M16 (credit: Travis Rector)
M64 (credit: Hubble Space Telescope)
I am interested in the physical processes involved in the incipient stages of star formation, astrochemistry, and
astrobiology. My research focuses on centimeter, millimeter, and submillimeter (microwave in
the figure below) imaging and spectroscopy with single-dish radio telescopes
and interferometers. I have worked on a variety of projects
studying low-mass and high-mass star formation and the chemical
evolution of those regions within our galaxy
and nearby galaxies. Please click on images to see a larger view.
Click on the image to see the EM spectrum.
Stars form out of giant clouds of dust and gas within our galaxy named
The image on the right shows a portion of the Milky Way with several obscuring molecular
clouds. You can easily see these clouds as opaque patches in the summer
Milky Way from a dark, clear site. Astronomers study these
clouds in detail to understand the conditions from which stars form.
The Milky Way (credit: Serge Brunier)
The R Corona Austrialis Molecular Cloud
How dust absorbs & re-radiates light.
Microscopic views of dust grains.
One mechanism that allows us to study forming protostars is the emission
from dust grains within the cloud.
Dust grains (size <~ 1 micron) absorb UV and optical light from a
forming protostar, heating the grain. Since the dust grains are still
very cold (T ~ 15K), they re-radiate the absorbed energy at far-infrared
and submillimeter wavelengths.
By imaging the submillimeter emission at different wavelengths,
we can unravel the structure of the molecular cloud.
Most forming protostars are so deeply embedded within the molecular
cloud that no optical light can escape. The images on the left shows an
optical image of the isolated dark clouds B68 and B335. It is difficult to see
that anything is happening at the center of the clouds. However,
at longer wavelengths
the radiation can penetrate through the cloud.
B68 does not harbor a forming protostar and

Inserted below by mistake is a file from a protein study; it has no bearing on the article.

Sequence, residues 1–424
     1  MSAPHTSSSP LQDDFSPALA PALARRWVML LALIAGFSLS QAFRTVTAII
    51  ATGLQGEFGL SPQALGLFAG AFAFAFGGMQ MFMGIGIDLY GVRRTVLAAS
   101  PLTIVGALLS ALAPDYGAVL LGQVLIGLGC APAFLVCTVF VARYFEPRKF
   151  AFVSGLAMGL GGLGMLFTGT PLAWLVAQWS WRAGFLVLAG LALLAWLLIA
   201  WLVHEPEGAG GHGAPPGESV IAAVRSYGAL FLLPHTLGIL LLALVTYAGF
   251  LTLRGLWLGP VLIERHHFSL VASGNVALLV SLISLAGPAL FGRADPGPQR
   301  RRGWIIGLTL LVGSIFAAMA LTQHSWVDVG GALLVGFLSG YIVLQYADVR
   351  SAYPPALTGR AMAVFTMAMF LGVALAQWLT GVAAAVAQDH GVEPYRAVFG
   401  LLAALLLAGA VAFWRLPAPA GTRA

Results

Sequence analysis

may be a core in the earliest phase of star formation.
In the case of B335 (bottom right),
observations reveal a forming
protostar. The emission
seen in the submillimeter image of B335 on the right
is due to dust grains re-radiating
the energy absorbed from the hot protostar.
B68 optical (left) and near-infrared image (right).
B335 optical image (left) and 850 um image (right).
(Shirley et al. 2000).
JCMT(left). Miranda Nordhaus with SCUBA (right).
The JCMT is atop 13,700 ft. Mauna Kea, Hawaii.
The image of B335 was observed at a wavelength
of 850 microns with a
submillimeter camera named SCUBA on the JCMT 15-meter radio telescope on
Mauna Kea, Hawaii. This wavelength is 1500 times longer than yellow
visible light; alternatively, the frequency is 3500 times higher than FM
on your radio. SCUBA is a revolutionary camera that worked at
submillimeter wavelengths and allowed images of protostellar
clouds to be made 10,000 times quicker than previous instruments.
The images on the left show the JCMT and 2003 NRAO summer student, Miranda Nordhaus (U Texas),
standing next to the SCUBA dewar.
Diagram showing how CO emits radiation at
Optical Image (left) and CO image (right) of the horsehead nebula (credit: NOAO & CSO).
Optical Image (left) and CO image (right) of The Whirpool Galaxy. Dark molecular clouds in the optical